Day 43. What I really wanted to write about yesterday was a chance encounter in the park. The day began with washing, this time in a proper machine, not by hand. I will admit to having grown tired of wringing clothes with my bare hands and hoisting them soggy and heavy onto the line. It's an activity better suited to summertime. The weather these past few days had been rainy, squally, cold. Finally this morning it dawned bright and blue, a perfect day for drying clothes. When I’d pegged the last towel on the line I decided to go directly into the park. Normally I arrive there later in the day.
Over the weeks since lockdown began this beautiful reserve has been largely deserted. Shortly before we went into level three I came upon the gathering of dope smoking teenagers in the shadowy glade. There was Jude collecting mushrooms from the soggy ground that same day. Then the day before yesterday I saw a woman with a tall white dog with black spots on its coat, she was swaying and the dog was cavorting gracefully in the long green grass, the pair of them performing a slow dance.
This morning, as I was almost through my second swift walk around the perimeter and on my way up through the thicket of native trees along the path bordered by low rock walls, I happened upon a man on his way down. ‘Hello,’ we both said at once. And then I turned back and said, ‘I haven’t see you here before. Do you live nearby?’ He turned around and pointed further up the hill to the huge old Victorian house I’ve often considered from my seat in the rocky nook. There is one large, square bay window on the end of this building that receives the last of the afternoon sun. A kitchen is just discernible on the far wall and perhaps a table and seats nearer the glass. I like to imagine what it might be like sitting in the snug sunporch gazing at the view over the park and up the volcanic cone. Once or twice I’ve seen a figure, female I think, insubstantial and shadowy in the deep recess, but mostly the room stands empty.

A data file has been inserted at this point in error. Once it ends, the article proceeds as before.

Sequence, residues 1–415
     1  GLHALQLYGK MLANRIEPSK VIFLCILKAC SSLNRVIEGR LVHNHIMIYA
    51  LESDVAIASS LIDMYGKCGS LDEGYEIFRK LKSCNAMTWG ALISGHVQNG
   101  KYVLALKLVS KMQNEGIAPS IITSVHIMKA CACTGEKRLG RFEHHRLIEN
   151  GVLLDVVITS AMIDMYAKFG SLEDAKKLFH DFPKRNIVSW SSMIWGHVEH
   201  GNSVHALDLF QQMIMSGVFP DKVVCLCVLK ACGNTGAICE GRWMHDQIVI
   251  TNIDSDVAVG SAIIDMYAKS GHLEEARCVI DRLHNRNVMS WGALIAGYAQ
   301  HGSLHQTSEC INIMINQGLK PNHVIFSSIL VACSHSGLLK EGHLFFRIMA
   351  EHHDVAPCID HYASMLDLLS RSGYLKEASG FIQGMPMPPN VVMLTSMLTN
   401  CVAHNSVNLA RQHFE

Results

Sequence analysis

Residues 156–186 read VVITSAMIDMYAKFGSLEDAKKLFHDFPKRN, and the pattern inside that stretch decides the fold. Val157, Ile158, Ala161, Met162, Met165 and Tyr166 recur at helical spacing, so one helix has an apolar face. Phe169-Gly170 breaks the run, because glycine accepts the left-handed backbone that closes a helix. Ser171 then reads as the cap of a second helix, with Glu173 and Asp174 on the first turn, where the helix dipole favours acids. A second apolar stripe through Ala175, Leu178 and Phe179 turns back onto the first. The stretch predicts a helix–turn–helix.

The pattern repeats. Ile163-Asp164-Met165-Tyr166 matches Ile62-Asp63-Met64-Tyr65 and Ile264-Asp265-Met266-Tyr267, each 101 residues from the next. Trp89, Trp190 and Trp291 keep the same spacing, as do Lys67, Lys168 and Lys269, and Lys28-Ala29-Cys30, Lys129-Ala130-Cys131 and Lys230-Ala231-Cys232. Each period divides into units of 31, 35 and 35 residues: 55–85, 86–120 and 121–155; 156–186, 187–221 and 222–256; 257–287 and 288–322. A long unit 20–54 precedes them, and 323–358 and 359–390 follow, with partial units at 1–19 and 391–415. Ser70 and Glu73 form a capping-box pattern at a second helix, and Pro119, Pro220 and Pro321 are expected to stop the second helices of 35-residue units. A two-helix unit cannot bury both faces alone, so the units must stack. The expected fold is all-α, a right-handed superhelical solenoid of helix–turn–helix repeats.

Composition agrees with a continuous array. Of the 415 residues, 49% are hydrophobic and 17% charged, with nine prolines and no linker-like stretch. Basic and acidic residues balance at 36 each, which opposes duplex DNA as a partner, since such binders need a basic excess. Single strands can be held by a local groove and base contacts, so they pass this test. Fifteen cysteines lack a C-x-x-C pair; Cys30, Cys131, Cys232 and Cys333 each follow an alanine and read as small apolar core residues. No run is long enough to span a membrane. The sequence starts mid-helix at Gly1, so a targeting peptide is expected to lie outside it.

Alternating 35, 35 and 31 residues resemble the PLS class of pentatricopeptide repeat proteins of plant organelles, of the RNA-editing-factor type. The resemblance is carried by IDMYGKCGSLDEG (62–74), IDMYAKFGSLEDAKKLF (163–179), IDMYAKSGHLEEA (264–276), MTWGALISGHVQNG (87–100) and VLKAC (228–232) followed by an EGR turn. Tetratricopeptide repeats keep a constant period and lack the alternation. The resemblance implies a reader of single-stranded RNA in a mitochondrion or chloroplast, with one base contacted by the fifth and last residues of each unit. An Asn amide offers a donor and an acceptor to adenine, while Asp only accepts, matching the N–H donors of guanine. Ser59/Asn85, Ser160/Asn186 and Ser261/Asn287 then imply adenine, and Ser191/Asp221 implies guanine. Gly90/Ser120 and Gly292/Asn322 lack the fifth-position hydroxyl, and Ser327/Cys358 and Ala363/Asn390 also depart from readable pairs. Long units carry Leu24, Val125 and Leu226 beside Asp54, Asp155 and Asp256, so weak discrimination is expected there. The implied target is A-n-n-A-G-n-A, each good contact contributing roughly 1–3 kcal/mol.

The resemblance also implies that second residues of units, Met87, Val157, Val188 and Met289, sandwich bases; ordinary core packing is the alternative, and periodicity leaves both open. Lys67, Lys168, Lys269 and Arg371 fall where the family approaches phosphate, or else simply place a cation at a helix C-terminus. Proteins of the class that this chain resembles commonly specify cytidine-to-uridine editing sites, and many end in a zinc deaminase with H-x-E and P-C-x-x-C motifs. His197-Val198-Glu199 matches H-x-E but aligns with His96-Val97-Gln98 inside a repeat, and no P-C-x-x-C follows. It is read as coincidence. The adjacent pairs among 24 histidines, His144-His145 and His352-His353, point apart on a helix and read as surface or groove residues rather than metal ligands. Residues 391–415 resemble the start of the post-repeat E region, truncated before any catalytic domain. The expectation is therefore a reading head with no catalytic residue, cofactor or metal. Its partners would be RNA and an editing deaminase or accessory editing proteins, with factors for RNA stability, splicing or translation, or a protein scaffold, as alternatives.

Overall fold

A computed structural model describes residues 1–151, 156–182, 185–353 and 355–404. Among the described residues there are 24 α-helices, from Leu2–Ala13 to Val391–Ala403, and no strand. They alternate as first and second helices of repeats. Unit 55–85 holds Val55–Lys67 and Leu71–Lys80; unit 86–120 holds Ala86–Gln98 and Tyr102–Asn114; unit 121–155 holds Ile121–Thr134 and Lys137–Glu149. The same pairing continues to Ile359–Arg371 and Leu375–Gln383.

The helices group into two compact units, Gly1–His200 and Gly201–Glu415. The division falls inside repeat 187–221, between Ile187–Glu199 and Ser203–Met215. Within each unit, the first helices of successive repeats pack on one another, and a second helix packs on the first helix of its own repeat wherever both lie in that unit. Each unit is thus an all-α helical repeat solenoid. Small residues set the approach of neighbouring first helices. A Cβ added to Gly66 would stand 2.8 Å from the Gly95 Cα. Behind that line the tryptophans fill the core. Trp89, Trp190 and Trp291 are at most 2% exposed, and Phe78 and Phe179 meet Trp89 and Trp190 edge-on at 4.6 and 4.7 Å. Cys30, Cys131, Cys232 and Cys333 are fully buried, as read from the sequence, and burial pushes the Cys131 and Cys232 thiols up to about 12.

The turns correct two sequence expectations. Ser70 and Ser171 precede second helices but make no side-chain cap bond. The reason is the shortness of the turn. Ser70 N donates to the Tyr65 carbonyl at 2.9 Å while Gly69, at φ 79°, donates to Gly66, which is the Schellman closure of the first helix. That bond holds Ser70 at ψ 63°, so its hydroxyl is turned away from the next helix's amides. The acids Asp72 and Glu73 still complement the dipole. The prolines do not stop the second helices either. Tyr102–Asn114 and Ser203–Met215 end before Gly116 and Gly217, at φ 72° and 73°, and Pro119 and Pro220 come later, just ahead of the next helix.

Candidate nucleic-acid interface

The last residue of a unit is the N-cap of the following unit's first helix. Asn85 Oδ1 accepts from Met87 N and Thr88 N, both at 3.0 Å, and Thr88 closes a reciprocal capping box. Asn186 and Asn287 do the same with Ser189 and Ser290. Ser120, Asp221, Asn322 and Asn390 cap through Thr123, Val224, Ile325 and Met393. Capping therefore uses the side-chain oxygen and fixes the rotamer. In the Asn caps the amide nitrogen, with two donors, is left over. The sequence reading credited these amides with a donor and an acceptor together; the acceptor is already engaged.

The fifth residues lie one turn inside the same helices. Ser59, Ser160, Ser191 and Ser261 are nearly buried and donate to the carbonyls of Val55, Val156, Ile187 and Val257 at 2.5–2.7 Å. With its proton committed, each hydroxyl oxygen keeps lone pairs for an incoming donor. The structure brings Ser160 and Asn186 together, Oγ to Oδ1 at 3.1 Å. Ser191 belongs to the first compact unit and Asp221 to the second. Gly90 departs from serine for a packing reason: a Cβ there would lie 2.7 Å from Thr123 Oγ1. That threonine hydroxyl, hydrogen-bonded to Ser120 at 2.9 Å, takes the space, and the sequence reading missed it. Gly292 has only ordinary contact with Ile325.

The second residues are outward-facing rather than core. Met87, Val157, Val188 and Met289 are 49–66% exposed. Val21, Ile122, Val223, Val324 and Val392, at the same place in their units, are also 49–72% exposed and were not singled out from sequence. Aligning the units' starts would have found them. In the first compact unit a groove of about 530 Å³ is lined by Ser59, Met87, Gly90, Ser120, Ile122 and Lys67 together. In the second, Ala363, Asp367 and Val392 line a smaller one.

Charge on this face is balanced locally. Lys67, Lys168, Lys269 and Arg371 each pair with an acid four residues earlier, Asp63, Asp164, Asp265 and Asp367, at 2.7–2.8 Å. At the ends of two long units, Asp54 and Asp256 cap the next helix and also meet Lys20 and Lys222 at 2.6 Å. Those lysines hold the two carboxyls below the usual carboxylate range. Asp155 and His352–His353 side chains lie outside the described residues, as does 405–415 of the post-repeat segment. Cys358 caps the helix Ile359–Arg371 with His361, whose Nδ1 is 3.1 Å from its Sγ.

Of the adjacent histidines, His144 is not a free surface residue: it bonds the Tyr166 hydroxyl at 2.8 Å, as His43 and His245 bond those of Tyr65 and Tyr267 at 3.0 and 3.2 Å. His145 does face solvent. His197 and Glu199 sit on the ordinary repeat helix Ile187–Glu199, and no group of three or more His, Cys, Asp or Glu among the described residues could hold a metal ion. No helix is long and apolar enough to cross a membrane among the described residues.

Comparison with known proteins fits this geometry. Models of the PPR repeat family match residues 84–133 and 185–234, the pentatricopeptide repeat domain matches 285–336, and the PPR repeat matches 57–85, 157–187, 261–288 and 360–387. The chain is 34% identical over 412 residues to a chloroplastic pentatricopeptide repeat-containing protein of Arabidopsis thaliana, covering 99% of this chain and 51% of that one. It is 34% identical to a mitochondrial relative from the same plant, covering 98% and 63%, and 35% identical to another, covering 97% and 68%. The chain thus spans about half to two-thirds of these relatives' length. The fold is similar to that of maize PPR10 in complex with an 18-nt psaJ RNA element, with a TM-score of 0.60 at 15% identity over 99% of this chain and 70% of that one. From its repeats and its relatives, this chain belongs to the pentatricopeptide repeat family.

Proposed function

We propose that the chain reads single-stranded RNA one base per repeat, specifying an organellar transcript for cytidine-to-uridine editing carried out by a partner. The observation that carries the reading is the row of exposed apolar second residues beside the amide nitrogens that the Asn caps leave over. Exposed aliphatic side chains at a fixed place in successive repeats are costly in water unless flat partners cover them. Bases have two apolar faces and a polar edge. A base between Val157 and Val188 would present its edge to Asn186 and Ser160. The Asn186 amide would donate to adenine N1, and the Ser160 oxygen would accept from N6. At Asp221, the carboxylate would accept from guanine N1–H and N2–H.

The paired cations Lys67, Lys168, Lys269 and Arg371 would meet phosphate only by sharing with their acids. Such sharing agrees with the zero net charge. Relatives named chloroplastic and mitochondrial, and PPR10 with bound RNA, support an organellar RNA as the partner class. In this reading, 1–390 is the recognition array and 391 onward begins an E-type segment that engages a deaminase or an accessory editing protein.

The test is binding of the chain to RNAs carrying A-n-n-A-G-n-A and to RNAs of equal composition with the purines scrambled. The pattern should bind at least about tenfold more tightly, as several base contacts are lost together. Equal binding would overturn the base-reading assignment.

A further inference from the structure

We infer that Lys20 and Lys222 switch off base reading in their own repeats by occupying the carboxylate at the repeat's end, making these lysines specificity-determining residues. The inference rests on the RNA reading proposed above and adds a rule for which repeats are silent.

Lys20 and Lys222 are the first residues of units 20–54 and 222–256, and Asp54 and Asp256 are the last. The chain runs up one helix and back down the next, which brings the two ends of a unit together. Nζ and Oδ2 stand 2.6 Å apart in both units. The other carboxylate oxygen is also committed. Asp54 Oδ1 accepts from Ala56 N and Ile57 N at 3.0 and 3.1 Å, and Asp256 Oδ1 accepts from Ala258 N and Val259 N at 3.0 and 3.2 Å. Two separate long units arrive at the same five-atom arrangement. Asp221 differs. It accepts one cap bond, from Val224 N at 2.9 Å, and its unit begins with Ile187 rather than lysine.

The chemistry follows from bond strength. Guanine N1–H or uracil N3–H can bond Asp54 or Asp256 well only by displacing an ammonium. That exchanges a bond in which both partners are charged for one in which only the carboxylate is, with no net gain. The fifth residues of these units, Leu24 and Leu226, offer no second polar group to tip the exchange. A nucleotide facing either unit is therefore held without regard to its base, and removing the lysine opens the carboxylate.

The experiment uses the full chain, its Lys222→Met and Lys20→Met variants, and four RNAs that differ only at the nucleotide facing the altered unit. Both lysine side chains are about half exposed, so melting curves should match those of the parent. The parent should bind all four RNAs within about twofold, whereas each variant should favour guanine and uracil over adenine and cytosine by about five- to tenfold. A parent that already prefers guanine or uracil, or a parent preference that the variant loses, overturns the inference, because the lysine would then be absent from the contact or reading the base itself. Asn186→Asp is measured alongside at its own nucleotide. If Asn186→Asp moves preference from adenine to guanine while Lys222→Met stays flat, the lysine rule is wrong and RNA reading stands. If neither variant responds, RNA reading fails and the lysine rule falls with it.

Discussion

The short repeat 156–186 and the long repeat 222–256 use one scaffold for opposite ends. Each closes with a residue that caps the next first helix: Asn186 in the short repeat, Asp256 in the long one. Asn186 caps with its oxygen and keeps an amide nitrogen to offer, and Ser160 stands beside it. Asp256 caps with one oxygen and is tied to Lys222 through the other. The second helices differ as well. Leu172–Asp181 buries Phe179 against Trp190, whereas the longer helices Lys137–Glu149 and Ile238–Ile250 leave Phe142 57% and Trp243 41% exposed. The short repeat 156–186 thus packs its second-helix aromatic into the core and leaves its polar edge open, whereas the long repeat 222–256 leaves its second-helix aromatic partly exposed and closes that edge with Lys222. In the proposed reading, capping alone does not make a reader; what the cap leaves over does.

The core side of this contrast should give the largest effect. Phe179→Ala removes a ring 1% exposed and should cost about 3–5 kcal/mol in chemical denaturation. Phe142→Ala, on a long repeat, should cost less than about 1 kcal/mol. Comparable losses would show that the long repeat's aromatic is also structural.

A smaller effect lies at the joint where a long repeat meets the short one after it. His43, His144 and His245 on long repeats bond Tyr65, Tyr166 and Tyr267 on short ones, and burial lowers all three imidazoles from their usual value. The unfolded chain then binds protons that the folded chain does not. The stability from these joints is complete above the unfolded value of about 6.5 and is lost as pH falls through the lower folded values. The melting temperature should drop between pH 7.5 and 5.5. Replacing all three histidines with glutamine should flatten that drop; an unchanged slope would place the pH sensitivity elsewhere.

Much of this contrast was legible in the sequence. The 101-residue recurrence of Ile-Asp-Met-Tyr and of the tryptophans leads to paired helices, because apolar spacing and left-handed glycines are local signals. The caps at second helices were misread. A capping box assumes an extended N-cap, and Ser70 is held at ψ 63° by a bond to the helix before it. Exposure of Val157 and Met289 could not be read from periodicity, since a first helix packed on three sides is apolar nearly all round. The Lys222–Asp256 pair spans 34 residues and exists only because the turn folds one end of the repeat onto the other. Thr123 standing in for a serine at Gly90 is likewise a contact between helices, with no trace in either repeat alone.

The man I met, lives with his wife and two sons in a flat on the other side of the rambling two-storeyed house. I learned a lot in a very short space of time. I think this is an unexpected consequence of lockdown. Our enforced isolation has made us yearn for actual connection with other human beings. You forget, until you start a spontaneous conversation, how easy and pleasant is the process, with just air around you and lovely native trees, very different from staring at a screen and getting eye strain.
I discovered that the man on the path is from California, and oh joy is another writer, self-employed like me. He has a doctorate in philosophy and has taught critical thinking skills and Early Modern Philosophy at Auckland University. He also has a background in information technology and a past career as a computer programmer. Now he works as a copywriter, he’s written parenting articles too, and there is a big novel on the go. He runs a bicycle repair shop. I’ve noticed this about writers. They’re often highly skilled in several areas because the writing life doesn’t pay the bills.
The conversation roamed over different subjects mostly to do with writing. There was his reading of New Zealand literature and the enjoyment of comparing it with American literature. He’d just finished Janet Frame's 'Faces in the Water' the novel she based on her experience of life in a psychiatric unit. He commented on the ending, ’it was gripping. Just stunning writing.' We discussed Frank Sargeson as well, the bleakness of his stories. I can’t see beyond that. Pointing towards the Rangitoto channel I asked him whether he’d read the story about the two men who row out into the middle at low tide and one leaves the other stranded on a shallow bank, unable to swim, and rows away fast. Sargeson’s stories often end like that on a sinister twist.
We discussed the appeal of Devonport. His family loves it here. The children attend Devonport Primary School. ‘It's fantastic,’ he said. ‘What makes it fantastic?’ I asked. ‘It is on a volcano!’ And the teaching is very good too apparently.
We could have talked all morning but his wife was at home juggling her work with minding the children. He was carrying a hemp grocery bag. He considered it now and said, ‘I just hopped out to collect some kindling for the fire. I’m predicting a chilly night.’